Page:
DEAD: Ross Lowell (aged 92)
Actor and inventor of gaffer tape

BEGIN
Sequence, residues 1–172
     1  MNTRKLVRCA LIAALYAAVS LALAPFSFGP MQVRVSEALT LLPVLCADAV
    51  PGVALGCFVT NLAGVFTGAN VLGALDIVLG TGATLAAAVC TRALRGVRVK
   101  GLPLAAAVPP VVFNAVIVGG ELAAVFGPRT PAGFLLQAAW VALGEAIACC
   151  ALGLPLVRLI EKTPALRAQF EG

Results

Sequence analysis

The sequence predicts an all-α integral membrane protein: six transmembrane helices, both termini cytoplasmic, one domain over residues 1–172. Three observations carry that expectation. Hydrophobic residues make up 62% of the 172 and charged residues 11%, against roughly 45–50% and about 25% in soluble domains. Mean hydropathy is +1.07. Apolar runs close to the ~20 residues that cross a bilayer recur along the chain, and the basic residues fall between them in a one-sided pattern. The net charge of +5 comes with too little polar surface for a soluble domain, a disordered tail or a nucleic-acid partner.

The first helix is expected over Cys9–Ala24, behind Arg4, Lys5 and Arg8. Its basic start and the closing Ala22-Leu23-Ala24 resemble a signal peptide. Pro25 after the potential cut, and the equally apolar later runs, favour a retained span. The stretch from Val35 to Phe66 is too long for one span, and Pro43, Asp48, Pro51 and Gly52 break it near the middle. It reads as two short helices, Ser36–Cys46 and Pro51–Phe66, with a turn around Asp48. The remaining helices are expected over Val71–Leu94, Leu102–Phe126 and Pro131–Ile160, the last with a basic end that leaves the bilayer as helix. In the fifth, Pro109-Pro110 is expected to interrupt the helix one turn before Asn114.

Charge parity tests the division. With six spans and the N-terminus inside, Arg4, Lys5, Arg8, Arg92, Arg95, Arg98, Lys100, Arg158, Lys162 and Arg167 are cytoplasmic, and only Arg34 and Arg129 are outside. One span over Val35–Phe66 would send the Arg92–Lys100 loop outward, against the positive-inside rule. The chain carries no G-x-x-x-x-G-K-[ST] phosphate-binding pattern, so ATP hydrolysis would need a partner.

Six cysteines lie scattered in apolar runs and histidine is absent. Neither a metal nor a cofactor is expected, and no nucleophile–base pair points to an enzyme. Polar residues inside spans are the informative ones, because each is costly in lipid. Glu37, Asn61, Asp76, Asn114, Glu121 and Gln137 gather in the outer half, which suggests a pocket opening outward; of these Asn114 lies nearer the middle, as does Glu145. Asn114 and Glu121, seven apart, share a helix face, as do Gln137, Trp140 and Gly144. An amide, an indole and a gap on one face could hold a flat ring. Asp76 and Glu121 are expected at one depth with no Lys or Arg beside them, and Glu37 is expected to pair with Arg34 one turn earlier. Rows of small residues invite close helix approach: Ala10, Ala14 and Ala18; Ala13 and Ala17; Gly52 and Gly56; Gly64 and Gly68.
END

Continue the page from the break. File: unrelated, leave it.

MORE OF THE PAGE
Ross Lowell (July 10, 1926 – January 10, 2019) was an American inventor, photographer, cinematographer, lighting designer, author and entrepreneur who changed the film production industry with two inventions: a widely used quick-clamp lighting mount system, and gaffer tape. He founded Lowel-Light, a manufacturer of highly portable lighting equipment used in TV, film and stage lighting, with 20 patents filed by Lowell. Lowell was the cinematographer for the Academy Award-winning short A Year Toward Tomorrow (1966), and he won an Academy Award for Technical Achievement in 1980 for his compact lighting system. The same year, he was nominated for Best Short Film, Live Action for his 14-minute film Oh Brother, My Brother (1979), depicting two of his young children. In 1987 Lowell was awarded the John Grierson Gold Medal by the Society of Motion Picture and Television Engineers (SMPTE), “in recognition of his many achievements, inventions, and innovative developments in the field of lightweight lighting and of grip equipment.”


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